News & Stories

A Newborn Teacher


Lilah was born on April 17, 2015, with Recessive Dystrophic Epidermolysis Bullosa (RDEB), a disease in which the skin is not anchored to the body. Affecting only one in one million births, it is known as “the worst disease you’ve never heard of.” RDEB has no cure and requires constant attention, because the slightest touch or friction causes the skin to blister and come off.

“Catching the blisters when they start is essential to lessen skin loss,” said Lilah’s mom, Kelsey. “A needle is used to lance every blister to prevent it from growing.”

Bandage changes can take two hours of Lilah’s day, and the materials cost more than $600 a day.

Despite her terrible disease, Lilah’s spirit radiates a joy that drives out despair. Kelsey said that Lilah is a 9-month-old teacher to everyone she meets.

“Lilah is a beacon of in-your-face truth,” Kelsey said. “Even with the worst of wounds, she will look up and laugh in your face. It is just amazing. It’s one thing to see an adult in pain being able to vocalize it and show it. But it’s another thing to see a baby not even react to something that would completely debilitate most adults.”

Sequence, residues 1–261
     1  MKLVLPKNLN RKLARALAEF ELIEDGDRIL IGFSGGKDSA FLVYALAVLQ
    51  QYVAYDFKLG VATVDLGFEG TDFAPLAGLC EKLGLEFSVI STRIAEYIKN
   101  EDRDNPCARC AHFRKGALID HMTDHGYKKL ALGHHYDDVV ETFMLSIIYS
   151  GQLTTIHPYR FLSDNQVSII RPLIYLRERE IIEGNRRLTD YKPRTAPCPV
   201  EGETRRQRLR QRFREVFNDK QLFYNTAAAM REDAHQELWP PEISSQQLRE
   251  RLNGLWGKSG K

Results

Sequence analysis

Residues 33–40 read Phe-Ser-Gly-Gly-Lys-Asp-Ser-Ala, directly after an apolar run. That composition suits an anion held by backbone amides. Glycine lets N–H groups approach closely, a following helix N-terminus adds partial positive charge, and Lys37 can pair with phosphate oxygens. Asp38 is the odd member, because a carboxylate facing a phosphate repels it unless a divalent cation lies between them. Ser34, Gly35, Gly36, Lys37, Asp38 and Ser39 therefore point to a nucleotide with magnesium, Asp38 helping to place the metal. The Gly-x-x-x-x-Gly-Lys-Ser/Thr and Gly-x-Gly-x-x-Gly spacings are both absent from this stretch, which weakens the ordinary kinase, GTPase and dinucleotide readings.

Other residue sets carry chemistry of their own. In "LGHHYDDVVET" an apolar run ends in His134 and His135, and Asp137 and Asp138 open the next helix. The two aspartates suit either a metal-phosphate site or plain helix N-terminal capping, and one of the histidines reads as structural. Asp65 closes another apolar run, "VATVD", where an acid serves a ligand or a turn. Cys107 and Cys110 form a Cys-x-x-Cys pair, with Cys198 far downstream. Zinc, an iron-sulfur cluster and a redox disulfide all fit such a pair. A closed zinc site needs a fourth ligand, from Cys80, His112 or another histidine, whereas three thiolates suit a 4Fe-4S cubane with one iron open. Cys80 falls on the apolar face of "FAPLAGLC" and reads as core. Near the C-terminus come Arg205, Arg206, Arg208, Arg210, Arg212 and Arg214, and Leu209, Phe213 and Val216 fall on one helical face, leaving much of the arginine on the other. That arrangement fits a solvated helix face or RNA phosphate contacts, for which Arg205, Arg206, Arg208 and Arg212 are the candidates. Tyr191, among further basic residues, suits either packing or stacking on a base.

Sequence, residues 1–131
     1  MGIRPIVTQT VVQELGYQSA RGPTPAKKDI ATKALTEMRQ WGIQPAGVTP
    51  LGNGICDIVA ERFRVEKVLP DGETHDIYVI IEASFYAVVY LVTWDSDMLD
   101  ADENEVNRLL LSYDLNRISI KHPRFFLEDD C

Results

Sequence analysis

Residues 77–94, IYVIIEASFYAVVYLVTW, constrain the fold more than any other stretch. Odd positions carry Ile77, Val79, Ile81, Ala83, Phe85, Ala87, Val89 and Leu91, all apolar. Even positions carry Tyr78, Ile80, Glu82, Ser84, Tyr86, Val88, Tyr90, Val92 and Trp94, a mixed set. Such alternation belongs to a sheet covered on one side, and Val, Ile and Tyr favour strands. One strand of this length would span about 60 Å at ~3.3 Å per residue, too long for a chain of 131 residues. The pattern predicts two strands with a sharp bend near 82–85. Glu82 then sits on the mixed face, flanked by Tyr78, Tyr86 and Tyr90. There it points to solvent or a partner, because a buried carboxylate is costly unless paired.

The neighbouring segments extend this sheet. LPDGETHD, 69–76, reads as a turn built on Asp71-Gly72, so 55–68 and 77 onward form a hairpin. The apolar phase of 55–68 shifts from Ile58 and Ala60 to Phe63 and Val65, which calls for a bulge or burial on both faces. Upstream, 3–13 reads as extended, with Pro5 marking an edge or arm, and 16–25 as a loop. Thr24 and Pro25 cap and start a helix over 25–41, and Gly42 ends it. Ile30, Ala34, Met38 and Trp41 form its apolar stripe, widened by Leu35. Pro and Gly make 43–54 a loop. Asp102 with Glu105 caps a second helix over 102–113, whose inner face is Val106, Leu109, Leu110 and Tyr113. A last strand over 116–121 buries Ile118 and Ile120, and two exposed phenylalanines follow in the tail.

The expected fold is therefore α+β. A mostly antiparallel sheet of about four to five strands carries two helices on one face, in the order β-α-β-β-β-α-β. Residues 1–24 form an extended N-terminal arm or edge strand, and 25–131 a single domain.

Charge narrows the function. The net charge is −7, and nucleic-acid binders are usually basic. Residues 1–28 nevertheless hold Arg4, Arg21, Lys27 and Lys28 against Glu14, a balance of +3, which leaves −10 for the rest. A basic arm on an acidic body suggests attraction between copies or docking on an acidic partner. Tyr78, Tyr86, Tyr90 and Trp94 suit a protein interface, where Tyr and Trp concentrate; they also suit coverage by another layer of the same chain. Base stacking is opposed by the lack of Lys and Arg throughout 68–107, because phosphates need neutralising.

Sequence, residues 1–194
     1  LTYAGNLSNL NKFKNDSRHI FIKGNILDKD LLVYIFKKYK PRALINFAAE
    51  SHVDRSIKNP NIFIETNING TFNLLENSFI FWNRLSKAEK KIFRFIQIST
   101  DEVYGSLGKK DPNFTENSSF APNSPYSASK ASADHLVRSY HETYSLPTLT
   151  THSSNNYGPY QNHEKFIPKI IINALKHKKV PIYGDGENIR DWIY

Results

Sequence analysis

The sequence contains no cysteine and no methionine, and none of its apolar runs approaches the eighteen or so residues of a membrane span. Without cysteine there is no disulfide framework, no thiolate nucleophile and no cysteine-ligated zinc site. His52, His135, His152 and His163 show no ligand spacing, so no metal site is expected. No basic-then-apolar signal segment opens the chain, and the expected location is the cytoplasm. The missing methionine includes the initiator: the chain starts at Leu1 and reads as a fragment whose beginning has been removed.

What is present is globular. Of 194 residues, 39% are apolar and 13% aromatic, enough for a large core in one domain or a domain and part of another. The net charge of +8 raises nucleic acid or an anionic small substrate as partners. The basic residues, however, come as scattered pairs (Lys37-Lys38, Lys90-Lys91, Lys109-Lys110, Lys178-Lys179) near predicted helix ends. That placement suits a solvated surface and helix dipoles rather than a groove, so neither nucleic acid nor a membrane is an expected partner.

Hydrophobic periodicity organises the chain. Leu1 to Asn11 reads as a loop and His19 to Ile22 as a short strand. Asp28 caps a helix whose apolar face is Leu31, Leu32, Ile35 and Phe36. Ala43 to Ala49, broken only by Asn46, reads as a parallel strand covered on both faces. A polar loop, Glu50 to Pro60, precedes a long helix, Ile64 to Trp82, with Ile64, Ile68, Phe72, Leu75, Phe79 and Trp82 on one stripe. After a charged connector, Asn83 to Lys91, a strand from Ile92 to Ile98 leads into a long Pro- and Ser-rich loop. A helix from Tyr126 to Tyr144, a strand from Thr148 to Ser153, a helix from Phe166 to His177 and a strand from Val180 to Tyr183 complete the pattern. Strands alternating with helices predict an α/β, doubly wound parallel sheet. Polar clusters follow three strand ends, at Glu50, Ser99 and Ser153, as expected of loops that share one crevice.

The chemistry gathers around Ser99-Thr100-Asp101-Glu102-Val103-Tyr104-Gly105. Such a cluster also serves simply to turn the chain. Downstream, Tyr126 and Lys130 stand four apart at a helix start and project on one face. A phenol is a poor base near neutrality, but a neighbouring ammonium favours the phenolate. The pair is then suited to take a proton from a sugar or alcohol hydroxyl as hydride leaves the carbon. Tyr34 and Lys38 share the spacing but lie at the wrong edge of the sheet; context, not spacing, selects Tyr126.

CICOA supports Lilah and Kelsey with a care manager who monitors the needs and progress of the family and adjusts the care plan as needs change. Kelsey also receives 60 hours of respite nursing a month so she can spend time with her healthy six-year-old son.

“Lilah has taught me to be unselfish and how to be grateful…that headaches and small pains don’t matter. She has taught me to have faith,” Kelsey explained.

Keep up with Lilah’s story on her Love for Lilah-Butterfly Facebook Page.

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